The National Identification Authority (NIA) has described as “inaccurate” certain statements made by the flag bearer of the main opposition National Democratic Congress (NDC), Mr John Dramani Mahama at a press conference held on Thursday, 25 June 2020, following the Supreme Court ruling on the NDC vs the Electoral Commission case.
Mr Mahama claimed at the press conference that: “The Ghana card, which has been made one of two identification documents for the registration of a new voter card, has not been rolled out in full.”
Responding to this claim, the NIA, in a statement, said: “It fully rolled out the mass registration exercise on 29 April 2019 to register Ghanaians and issue them with biometric ID cards and was left with just a week to complete. But for the outbreak of COVID-19, NIA would have completed the registration exercise in the Eastern Region by 27 March 2020 after having conducted the exercise in 15 other regions. The mop-up exercise currently underway is to further provide opportunity for those who could not register to do so.”
It continued that: “Indeed, as of 23 June 2020, NIA had registered a total of 11,385,494 eligible Ghanaians, printed 11,172,261 cards and issued 10,854,829 cards to qualified Ghanaians. The target was to register 80% of the population aged 15 and above. A total number of Ghanaians aged 18 and above have been issued 10,576,120 Ghana Cards. By the end of the mop-up registration exercise, it is expected that 16.7 million eligible Ghanaians would have been captured on the National Identity Register and issued the Ghana card.”
Touching further on Mr Mahama’s claim that the Ghana cards are still being issued with no mechanism for verification, the NIA said the claim is “false.”
The authority explained that: “The majority (7,163,935) of Ghana cards have been issued through the online verification mechanism. There is an inbuilt mechanism for the verification of the 3,690,894 cards currently being issued using the card issuance album. The use of manual verification is not a novel practice. There are various methods of verification. One can use the ocular inspection method, the match-on-card method or the one-to-many method which is online. The National Identity System is designed to utilise any or all of these methods.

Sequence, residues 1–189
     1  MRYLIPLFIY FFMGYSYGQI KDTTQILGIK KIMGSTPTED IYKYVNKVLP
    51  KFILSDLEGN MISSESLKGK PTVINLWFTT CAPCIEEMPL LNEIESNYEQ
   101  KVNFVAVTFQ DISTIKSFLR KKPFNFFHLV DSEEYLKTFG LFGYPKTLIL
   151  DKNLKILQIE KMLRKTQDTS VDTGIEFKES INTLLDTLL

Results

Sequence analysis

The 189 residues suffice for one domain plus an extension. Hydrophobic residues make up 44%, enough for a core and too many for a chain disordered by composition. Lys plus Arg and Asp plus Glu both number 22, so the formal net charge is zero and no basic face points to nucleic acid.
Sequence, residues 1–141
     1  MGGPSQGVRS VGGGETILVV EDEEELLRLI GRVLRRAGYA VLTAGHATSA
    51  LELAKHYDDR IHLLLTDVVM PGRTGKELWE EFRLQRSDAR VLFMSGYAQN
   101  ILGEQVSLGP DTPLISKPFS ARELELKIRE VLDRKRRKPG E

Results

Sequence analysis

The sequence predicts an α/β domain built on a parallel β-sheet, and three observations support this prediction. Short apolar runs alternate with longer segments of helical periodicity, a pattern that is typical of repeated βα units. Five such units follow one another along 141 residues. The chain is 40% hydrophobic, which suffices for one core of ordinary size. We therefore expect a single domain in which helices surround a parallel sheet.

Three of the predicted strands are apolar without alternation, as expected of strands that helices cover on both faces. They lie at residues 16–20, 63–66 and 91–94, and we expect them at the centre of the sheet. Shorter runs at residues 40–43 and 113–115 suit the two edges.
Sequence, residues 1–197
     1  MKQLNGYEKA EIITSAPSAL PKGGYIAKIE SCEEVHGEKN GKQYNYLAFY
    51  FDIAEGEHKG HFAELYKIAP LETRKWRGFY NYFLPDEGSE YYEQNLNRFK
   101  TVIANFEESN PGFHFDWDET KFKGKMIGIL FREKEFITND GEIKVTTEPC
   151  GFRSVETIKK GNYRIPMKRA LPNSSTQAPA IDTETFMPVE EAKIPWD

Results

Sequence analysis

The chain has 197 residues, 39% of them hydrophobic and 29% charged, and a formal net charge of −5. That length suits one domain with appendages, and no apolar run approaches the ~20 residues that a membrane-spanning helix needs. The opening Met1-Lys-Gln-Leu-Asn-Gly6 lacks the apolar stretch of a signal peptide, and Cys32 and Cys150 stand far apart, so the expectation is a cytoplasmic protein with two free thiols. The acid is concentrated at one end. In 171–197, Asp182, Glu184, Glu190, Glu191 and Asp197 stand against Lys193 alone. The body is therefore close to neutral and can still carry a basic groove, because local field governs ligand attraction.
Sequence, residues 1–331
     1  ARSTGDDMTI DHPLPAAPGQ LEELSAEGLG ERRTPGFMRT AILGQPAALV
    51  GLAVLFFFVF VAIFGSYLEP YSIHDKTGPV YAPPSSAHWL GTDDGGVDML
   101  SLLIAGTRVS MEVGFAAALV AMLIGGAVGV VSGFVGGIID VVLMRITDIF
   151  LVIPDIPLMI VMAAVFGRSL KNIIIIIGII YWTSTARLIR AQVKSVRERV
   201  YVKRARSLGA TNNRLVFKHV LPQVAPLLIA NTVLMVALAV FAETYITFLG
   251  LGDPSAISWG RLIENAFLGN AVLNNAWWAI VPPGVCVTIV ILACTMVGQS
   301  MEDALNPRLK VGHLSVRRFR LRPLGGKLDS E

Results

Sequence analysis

“Applicants who visit the card issuance centres are identified and issued their Ghana Cards by NIA officials using the ocular verification method, i.e., crosschecking of their photographs, name, date of birth, telephone number and other details as captured in the album against the registration slips they submit or their verbal claim.”
It added that the adoption of the card issuance album in the card distribution process was informed by the following considerations:
i. To enable speedy distribution of 3.9 million cards to applicants.
ii. To prevent the situation of having 3.9 million applicants across the country going to the registration centres when NIA’s mop-up exercise starts. The manual verification will reduce the risk of applicants undermining the protocols on physical distancing (COVID-19).
The NIA further described as “false”, another claim by Mr Mahama that the authority itself has admitted to duplication of thousands of these cards.
“This statement is regrettably false. Out of the 11,172,261 printed as at 23 June 2020, there has only been 525 instances where more than one card has been printed for an individual bearing different Personal Identification Numbers. This situation was caused by an error during a system update which error has since been resolved.
“A more detailed explanation is on the NIA website and was in the speech of the Executive Secretary of NIA when he addressed the media on 17 June 2020. Suffice to add that, only one card can be active against a set of biometrics (face, fingers and iris). In effect, no one can use two cards at the same time neither can anyone use the card of another person. The system automatically assigns invalid multiple card details to a watch list,” the statement signed by Francis Palmdeti, Head, Corporate Affairs, explained.